MPC Press Release - May 2009
The Ghanaian economy has not been immune to the contagion effects of the global crisis, even though the impact has been relatively limited in the first round, as the economy appears to be still experiencing high growth and the lingering effects of the large fiscal expansion in 2008 and high and volatile energy and food price developments in that year.
Headline inflation data for March 2009 as released by the Ghana Statistical Service (GSS) was 20.5 percent up from 20.3 percent in February and 19.9 percent in January 2009. This however, may be an early indication yet of a slowdown in the rate of inflation. During this period, non-food inflation pressures have been strong. While food inflation fell from 19.4 percent in January to 18.5 percent in March, non-food inflation increased from 20.2 percent to 22.0 percent, in part due to the strong pass-through from exchange rate depreciation to domestic prices.
The Bank’s measure of core inflation (defined to exclude energy and utility) increased from 13.9 percent in December 2008 to 19.3 percent in March 2009, though the rate of monthly increase indicates some slowdown.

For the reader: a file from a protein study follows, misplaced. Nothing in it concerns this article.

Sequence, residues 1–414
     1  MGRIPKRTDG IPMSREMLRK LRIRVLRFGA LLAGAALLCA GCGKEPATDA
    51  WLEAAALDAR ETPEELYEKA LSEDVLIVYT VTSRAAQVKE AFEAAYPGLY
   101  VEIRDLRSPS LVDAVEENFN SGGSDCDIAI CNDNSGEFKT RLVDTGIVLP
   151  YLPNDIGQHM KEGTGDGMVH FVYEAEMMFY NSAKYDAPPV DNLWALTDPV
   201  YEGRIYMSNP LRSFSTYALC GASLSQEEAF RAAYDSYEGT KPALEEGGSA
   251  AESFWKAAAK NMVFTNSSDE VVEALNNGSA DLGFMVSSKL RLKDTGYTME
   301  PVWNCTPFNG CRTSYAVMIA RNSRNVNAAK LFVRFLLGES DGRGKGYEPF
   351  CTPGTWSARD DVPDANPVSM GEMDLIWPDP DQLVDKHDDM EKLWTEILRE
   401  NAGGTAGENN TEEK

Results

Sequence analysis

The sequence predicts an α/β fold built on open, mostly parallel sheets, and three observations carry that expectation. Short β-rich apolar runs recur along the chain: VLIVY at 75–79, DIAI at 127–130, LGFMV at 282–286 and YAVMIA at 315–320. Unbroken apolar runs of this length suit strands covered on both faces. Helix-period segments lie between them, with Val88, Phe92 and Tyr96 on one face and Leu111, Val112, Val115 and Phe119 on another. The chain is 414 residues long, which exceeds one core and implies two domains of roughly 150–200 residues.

There were relatively sharp movements in the exchange rate of the cedi against the three core currencies during the first quarter of the year, following similar movements in the fourth quarter of 2008. The cedi depreciated cumulatively by 13 percent against the dollar, 9.9 percent against the Pound Sterling, and 6.6 percent against the Euro. In year-on-year terms, the comparable depreciations were 0.8, 1.1 and 7.3 percents respectively against the three core currencies – the US dollar, the pound sterling, and the euro. The rate of depreciation declined somewhat in April, with reduced volatility observed in the exchange market.
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